Even if you're an Apple devotee, you still might not know that the new iPhone – announced a couple of days ago – will have a minuscule power adapter, will come in white as well as black, and its headphone jack will no longer be slightly recessed.
These were probably the only three features that weren't intensely speculated upon over the preceding months; the travel itinerary of CEO Steve Jobs was analysed for tiny clues, and a couple of weeks back a queue began forming at Apple's flagship store in New York for no reason whatsoever. The kind of mania previously reserved for rock stars has been firmly redirected towards a hand-held gadget with a touch-screen interface. Bizarre.
Despite Apple managing to keep product specifications secret, Monday's announcement was a slight anticlimax, mainly because every potential feature had already been discussed on the rumour mill – although it wasn't so much a rumour mill as a conveyor belt of desires.
"Ideally," someone might post on their blog, "the new iPhone would be able to reverse gravity, immobilise heat-seeking missiles and turn my kitchen into a four-dimensional holodeck." And within hours it would be reported elsewhere as fact, along with a few mocked-up photos.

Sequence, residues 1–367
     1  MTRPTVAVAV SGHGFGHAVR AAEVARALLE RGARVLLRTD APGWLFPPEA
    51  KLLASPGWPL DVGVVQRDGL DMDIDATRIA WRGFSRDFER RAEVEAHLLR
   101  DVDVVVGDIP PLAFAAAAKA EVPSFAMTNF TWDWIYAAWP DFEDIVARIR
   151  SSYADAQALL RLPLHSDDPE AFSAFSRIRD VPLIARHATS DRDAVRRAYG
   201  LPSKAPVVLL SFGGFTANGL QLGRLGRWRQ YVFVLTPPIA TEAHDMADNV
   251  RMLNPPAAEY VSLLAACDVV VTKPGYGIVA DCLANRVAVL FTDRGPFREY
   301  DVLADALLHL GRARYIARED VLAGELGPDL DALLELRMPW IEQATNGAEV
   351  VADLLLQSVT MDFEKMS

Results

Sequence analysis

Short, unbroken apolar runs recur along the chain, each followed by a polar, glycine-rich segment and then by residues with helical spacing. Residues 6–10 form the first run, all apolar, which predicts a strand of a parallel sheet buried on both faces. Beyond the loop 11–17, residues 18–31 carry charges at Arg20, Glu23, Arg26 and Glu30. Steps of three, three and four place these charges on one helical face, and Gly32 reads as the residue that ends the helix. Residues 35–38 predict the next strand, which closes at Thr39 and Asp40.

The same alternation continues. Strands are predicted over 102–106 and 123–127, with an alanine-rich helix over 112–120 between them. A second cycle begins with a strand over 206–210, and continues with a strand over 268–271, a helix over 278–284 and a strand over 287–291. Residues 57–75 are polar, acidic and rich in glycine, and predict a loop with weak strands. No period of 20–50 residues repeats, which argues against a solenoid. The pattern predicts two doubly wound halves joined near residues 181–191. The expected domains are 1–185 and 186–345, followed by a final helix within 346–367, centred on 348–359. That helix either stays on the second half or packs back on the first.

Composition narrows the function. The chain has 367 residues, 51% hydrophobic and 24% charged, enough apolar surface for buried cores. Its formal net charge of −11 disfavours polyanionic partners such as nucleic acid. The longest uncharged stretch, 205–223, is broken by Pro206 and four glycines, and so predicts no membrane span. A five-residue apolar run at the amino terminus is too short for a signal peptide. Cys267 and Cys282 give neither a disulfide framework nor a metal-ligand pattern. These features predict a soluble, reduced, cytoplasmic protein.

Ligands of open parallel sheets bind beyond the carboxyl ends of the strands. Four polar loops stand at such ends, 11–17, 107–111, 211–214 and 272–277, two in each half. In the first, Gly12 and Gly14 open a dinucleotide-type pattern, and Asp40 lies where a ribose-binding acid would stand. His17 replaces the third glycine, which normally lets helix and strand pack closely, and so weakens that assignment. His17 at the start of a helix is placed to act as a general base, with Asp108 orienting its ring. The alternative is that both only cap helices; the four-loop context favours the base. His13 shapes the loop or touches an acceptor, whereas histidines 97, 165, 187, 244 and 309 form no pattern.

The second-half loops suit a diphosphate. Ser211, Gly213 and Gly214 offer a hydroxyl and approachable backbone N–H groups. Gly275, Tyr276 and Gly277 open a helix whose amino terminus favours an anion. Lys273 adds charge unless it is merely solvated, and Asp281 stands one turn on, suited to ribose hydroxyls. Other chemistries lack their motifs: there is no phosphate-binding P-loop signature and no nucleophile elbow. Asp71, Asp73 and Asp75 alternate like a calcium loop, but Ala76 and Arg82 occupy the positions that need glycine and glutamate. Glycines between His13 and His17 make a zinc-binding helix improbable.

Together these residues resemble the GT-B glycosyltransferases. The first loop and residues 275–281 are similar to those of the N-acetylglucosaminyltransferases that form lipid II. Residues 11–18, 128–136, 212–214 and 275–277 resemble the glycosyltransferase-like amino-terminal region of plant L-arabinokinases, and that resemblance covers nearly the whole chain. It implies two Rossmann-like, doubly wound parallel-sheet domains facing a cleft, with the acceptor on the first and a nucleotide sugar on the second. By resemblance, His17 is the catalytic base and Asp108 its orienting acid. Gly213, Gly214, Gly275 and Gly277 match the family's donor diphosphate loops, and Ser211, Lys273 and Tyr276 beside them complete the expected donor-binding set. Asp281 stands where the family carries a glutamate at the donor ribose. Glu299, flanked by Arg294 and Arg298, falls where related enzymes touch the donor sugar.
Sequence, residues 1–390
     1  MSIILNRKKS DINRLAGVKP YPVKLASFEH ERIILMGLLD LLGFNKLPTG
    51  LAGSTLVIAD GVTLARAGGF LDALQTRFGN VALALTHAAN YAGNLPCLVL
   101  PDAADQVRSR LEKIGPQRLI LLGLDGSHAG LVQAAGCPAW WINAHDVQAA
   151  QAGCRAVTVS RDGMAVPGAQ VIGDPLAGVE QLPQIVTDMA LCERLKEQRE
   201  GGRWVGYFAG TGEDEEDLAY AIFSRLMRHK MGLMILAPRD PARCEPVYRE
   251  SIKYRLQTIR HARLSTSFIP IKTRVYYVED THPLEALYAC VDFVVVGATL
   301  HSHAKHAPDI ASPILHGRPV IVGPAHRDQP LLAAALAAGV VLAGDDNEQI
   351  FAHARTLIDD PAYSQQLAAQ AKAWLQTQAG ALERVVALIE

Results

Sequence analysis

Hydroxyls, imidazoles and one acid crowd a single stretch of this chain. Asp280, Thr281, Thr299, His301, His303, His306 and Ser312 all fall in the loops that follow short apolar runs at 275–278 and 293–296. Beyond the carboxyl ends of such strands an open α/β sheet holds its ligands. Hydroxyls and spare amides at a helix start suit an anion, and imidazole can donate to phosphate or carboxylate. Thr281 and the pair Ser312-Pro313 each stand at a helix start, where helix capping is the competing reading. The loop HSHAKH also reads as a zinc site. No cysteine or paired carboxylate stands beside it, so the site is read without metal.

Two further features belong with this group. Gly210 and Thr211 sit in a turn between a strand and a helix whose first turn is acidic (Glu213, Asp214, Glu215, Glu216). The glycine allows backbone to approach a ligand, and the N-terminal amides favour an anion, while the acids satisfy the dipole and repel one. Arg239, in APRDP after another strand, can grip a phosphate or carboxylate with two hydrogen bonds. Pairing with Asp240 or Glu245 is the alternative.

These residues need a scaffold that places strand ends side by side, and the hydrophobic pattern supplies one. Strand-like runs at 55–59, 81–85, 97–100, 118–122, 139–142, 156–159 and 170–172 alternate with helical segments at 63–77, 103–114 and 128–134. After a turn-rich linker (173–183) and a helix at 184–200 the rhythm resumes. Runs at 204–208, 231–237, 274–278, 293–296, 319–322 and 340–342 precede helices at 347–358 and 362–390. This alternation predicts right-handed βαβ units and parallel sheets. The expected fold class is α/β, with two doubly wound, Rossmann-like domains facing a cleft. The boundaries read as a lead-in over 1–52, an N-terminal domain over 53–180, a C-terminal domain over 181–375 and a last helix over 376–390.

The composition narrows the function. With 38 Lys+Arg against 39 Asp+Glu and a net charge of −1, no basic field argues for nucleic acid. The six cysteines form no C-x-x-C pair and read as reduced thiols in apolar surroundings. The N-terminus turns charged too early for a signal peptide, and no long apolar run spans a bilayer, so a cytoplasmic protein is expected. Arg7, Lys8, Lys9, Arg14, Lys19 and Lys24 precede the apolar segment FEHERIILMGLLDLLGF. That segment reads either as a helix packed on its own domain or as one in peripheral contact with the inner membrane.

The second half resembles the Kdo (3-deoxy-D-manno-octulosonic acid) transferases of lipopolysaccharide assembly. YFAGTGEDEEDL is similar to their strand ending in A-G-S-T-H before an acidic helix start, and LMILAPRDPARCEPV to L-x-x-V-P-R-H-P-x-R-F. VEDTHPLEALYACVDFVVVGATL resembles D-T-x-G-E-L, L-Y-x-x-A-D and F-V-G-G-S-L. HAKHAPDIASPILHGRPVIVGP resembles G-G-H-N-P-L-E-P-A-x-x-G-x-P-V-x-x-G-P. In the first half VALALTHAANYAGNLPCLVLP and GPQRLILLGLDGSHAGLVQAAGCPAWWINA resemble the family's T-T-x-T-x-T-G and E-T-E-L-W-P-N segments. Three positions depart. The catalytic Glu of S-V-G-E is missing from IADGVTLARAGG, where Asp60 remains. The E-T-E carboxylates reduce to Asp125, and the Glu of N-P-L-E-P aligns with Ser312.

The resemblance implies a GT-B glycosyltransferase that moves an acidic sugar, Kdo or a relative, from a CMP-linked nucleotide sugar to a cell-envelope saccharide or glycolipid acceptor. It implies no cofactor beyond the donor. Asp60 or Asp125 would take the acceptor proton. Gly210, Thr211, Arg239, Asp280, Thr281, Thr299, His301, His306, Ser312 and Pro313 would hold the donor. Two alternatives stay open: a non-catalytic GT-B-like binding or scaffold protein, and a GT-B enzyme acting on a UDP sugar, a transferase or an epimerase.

Sadly, the truth was nowhere near that exciting. It's going to be cheaper (as predicted on www.gizmodo.com last Friday); it comes with GPS (as feared by every satnav manufacturer for some time), and connects to the internet at 3G speeds (as predicted by everyone.) Nothing earth-shattering – and nothing that many other phones can't already do.
But the confirmation of all this simply kicked off another round of online speculation over iPhones 3 and 4, both of which are under development. Will its camera be able to record video? What about multimedia messaging? And when will UK users be allowed to use the thing on a network other than O2? (My guess is about the same time as it incorporates that holodeck feature. You heard it here first.)
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